From then until first half stoppage time, however, a theme developed. Leeds were almost good enough to stretch their lead. James and Gray took turns at almost setting the other completely free down the right. Counter attacks were almost on and passes were almost complete, inaccuracy, heavy touches or visiting players bringing a premature halt to promising moments.
It was there again in Ethan Ampadu's attempt to put Georginio Rutter in space and in Rutter's bid to play Kamara in on goal with the Swans' defence all at sea. What the game was crying out for was a bit of precision and what it got, in first half stoppage time, was perfection.
Rutter, who had made no attempt to conceal his chagrin at making unspotted runs, went to the well again and this time Ampadu spotted it, sending the ball long over the top. Rutter's first touch was perfect, effortlessly plucking the ball out of the air with his right boot but so too was his centre forward play, holding off Bashir Humphreys to run in on goal and finish. This was his first goal at Elland Road and he won't score many better.
A third goal felt hugely important and not just because Leicester City and Ipswich Town both managed it against the Swans. A one-goal game at Elland Road can be a nervy thing and there's a familiar dread that starts to settle around the stadium the longer Leeds let their prey dangle on the hook.
After the break they were at it again, creating moments of real promise and chances to take the game away from Swansea completely. Summerville and James squandered the best of them. But before the anxiety levels could rise too high, Leeds emulated the top two and put proper distance between themselves and the visitors.
Once again, the finish was clinical but the attack from start to finish was ruthless. Sam Byram smashed into his man with the kind of challenge Elland Road adores, Rutter got on the ball and played it beautifully into the run of James and he roofed his shot, giving Carl Rushworth no chance. All killer, no filler.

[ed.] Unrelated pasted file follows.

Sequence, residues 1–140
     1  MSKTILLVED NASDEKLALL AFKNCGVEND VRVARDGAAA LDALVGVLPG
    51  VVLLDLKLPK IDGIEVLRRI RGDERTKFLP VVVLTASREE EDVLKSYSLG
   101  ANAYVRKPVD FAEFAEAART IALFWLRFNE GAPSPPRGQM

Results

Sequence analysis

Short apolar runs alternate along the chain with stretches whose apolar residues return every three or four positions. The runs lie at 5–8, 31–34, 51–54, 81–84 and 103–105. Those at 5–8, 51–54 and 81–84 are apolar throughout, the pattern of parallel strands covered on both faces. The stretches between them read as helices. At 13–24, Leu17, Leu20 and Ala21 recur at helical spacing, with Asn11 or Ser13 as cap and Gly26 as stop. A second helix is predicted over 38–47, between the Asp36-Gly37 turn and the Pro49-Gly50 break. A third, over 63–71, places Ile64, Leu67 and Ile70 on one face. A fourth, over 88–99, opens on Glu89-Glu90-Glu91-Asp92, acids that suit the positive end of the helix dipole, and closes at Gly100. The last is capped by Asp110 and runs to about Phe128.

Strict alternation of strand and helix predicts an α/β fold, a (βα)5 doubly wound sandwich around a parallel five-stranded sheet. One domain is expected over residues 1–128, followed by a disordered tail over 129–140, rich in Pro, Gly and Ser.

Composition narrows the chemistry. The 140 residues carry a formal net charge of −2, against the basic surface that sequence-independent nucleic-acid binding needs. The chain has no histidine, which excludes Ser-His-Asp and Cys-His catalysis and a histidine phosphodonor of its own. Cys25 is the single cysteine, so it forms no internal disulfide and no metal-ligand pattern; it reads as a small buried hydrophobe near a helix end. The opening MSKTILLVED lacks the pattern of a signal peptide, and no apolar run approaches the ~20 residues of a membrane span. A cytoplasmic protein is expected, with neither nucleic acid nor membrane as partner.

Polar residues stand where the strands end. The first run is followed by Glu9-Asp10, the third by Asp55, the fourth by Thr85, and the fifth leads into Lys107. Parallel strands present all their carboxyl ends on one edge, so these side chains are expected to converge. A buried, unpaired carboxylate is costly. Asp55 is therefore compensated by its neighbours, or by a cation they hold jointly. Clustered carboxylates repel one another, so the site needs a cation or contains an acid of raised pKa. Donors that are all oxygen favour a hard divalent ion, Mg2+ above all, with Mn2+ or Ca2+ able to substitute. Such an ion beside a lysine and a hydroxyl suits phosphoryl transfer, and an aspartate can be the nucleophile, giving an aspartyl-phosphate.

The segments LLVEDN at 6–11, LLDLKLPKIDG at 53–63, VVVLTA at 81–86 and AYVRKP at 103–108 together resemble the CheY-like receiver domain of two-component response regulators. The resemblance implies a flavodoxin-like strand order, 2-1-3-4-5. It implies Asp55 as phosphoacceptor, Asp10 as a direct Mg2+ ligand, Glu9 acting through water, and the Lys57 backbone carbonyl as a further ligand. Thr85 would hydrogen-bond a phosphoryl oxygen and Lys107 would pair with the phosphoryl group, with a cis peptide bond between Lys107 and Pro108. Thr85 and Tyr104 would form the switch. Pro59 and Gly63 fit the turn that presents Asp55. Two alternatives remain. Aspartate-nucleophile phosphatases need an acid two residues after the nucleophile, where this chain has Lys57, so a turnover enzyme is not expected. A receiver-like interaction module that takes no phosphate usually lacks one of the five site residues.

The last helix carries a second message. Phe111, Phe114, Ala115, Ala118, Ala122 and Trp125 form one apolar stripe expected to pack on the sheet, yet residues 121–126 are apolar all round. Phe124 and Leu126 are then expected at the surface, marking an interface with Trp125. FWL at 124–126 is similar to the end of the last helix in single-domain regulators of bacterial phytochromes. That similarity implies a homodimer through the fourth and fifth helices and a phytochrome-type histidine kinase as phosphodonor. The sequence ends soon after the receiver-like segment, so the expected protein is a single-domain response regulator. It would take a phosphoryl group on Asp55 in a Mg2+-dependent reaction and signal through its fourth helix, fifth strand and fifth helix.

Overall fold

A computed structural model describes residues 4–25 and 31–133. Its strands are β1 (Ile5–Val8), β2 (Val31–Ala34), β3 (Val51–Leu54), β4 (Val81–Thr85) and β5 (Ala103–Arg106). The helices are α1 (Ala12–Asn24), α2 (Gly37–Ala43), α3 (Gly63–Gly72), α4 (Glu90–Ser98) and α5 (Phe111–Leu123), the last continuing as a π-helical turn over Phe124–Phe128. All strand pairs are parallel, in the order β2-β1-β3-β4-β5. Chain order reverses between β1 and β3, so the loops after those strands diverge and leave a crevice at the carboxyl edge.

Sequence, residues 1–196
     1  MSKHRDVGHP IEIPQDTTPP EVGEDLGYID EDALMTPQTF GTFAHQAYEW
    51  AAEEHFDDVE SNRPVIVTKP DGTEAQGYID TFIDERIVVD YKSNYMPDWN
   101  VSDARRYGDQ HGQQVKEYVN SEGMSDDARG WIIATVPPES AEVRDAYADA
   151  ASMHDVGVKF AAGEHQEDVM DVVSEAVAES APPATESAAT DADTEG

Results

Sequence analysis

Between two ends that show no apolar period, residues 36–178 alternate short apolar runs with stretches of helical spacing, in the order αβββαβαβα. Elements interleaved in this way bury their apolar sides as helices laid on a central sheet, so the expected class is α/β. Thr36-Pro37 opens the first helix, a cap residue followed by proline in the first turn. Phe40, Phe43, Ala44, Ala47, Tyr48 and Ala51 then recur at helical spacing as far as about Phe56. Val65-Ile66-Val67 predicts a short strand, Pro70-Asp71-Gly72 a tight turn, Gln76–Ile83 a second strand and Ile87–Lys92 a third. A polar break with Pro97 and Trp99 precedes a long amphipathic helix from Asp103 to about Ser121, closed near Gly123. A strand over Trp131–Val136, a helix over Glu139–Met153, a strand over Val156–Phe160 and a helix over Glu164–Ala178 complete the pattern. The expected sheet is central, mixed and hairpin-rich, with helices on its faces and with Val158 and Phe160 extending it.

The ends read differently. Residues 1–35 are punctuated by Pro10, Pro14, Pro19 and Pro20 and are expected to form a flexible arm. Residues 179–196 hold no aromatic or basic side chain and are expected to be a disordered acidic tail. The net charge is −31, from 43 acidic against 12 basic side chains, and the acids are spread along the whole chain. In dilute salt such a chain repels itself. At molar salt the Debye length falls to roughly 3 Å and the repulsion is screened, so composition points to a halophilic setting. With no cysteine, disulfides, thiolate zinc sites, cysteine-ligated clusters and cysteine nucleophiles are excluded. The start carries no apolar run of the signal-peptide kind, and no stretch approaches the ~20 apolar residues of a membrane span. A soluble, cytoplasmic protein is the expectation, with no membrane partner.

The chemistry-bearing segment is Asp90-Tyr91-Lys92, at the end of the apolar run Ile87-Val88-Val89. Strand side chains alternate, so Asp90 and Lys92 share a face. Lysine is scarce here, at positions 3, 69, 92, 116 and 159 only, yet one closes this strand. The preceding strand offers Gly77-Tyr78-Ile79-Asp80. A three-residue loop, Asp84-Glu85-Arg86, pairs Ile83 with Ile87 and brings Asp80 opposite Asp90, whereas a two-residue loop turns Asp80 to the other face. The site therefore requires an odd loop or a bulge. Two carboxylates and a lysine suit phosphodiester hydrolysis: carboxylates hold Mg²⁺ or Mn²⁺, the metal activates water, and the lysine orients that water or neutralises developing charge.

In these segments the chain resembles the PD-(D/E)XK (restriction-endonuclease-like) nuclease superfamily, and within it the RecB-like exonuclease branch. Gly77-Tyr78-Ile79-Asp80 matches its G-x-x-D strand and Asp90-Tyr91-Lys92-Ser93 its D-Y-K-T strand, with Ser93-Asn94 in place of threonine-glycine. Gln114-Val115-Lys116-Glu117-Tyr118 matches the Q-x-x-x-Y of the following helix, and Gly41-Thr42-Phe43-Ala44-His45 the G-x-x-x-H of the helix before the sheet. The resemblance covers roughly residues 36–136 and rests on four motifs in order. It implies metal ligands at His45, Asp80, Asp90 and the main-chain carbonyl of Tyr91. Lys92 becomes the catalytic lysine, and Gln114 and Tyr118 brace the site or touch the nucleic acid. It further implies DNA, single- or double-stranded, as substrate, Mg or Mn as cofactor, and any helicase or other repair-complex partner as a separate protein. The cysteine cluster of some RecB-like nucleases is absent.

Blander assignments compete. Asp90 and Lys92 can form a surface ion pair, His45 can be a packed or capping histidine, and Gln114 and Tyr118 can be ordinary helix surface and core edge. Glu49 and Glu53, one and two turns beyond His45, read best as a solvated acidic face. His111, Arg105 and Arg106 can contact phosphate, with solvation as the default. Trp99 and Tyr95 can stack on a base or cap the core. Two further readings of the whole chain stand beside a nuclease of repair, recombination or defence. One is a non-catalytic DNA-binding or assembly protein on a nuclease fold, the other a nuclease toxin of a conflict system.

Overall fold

What goals like that do is render what happens in the rest of the game largely superfluous because with a 3-1 lead and the level of control Leeds were enjoying, Swansea had no realistic prospect of scoring enough times to endanger the result.
That said, Farke will always ask for more from his side and they went on to create even more chances to put further gloss on the scoreline. Leeds' leading men up front, namely Rutter, Summerville, Piroe and James, had done their bit and the supporting cast of Patrick Bamford, Jaidon Anthony and Willy Gnonto, who all came on as substitutes, looked dangerous but could not find a fourth goal.
Those three, perhaps more than anyone else, hold the key to making Leeds the most ruthless side in the league because if they can start chipping in with goals and assists then no one will match Farke's side for sheer offensive output.
It was often said, even during Marcelo Bielsa's absolute pomp, that if Leeds were as good at the last bit as they were from tee to green then they would have broken records in the Championship. Efficiency in front of goal was often the only complaint.
Farke did break records at Norwich so he knows what is required, but even if Leeds are not yet the finished article they are already a very serious second tier contender. How serious they want to be is down to what they do in the final third, but it is certainly within them. Farke just has to bring it out.